Cleanskin [Blu-ray]
Blu-ray ALL - United Kingdom - Warner Home Video
Review written by and copyright: Samuel Scott (1st January 2014).
The Film

***This is an A/V and extras review only. For reviews on the movie from various critics, we recommend visiting HERE.***

Fight fire with fire.

Sean Bean plays Ewan, a secret service agent deep undercover in Londonís criminal underbelly, on the heels of a terrorist cell. His mission: to terminate with extreme prejudice.

Also starring Charlotte Rampling and James Fox as his operators and Abhin Galeya as Ash, the eponymous 'cleanskin', an extremist unknown to the security services and every agentís worst nightmare.

Video

Warner Home Video presents Sean Bean vehicle "Cleanskin" onto Blu-ray in the United Kingdom in the original aspect ratio of 2.40:1. The transfer is 1080p and uses an AVC MPEG-4 codec. Shot on a budget of £2 million using an Aaton Penelope camera, the transfer is a little disappointing, but adequate.

The biggest problem facing the transfer, is that it is just a tad soft at times, and overly noisy. Skin tones sometimes feel washed out, whilst edges lack sharpness and colours lack depth and vividness. Black levels are inconsistent, sometimes strong, other times slightly lighter than they should be - something that is especially true in darker scenes. Detail is also average. Sometimes the facial details look great, especially Sean Bean's ruggedness, but a lot of the background detail isn't as sharp as I would hope from a high definition transfer. There aren't any signs of damage to the print such as scratches, and it is certainly passable, but I just hoped for something better than average considering this had a bigger budget than most British films of this calibre.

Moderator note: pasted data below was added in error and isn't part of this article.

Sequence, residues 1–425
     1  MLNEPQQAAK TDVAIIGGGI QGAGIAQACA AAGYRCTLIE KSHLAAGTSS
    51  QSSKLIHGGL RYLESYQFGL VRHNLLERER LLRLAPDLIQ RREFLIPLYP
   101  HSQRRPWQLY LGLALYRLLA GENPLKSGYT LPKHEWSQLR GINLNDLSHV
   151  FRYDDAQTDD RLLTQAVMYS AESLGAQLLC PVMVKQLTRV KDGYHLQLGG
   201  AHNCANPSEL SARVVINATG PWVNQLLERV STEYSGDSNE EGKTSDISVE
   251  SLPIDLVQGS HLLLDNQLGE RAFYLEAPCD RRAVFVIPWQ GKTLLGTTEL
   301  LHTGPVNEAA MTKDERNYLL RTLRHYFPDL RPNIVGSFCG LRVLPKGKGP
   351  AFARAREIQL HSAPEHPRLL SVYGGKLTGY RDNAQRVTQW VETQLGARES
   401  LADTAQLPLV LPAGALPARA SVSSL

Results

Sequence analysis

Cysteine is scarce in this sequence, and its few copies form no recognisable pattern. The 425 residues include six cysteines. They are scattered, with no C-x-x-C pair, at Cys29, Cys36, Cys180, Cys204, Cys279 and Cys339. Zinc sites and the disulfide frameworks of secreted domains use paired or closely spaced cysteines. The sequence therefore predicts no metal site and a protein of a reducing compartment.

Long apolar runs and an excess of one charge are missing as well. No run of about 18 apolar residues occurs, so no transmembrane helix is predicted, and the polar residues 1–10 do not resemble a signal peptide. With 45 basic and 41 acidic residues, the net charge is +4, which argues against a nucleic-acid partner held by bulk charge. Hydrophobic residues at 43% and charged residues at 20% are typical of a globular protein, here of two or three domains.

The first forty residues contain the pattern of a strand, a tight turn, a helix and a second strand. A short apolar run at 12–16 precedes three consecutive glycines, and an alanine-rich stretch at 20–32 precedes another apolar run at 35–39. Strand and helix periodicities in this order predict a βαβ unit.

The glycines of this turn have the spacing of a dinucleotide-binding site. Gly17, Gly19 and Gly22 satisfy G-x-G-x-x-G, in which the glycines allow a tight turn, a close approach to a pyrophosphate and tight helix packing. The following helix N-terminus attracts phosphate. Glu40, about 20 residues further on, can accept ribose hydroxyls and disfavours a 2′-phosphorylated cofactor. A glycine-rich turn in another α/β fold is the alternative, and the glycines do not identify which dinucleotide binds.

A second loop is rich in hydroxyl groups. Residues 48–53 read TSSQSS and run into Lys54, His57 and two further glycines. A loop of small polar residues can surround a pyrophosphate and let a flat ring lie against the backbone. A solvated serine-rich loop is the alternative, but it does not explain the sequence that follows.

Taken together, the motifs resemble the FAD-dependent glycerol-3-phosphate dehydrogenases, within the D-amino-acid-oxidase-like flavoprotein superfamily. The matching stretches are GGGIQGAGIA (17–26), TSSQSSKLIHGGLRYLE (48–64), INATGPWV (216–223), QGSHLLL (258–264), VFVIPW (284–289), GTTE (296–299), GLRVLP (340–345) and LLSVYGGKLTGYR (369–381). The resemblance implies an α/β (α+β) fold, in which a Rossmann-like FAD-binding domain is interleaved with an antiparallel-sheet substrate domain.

The disc is region free, and the feature runs 107:50.

Audio

Apart from the main audio track of English DTS-HD Master Audio 5.1, we get the option of English Audio Descriptive Dolby Digital 2.0 Surround. As my sight is perfectly good, I obviously opted for the lossless track without the requirement for narrative. Unfortunately, it falls into the same category as the transfer - adequate, yet uneventful. Although there are a few moments where the generic score comes to life, it never really immerses you into the film. The majority of the effects such as bomb explosions, sound as generic as those found in the ten terrorism thrillers before it, and the LFE usage doesn't always seem to come in at quite the right time. The surrounds are used sparsely for the effects, and a lot of the time, the feature even feels as though it is very much centrally based audio wise. On the plus side, dialogue is always clear and there are no problems with dropouts or background hiss. This isn't a poor track, it just feels rather underwhelming at times.

Optional English subtitles for the hard of hearing have also been included.

Extras

Quite a poor selection here; just 2 TV spots (0:32, 1:02) and a theatrical trailer (1:32).

Overall

The Film: C+ Video: C+ Audio: C+ Extras: E Overall: C+

 


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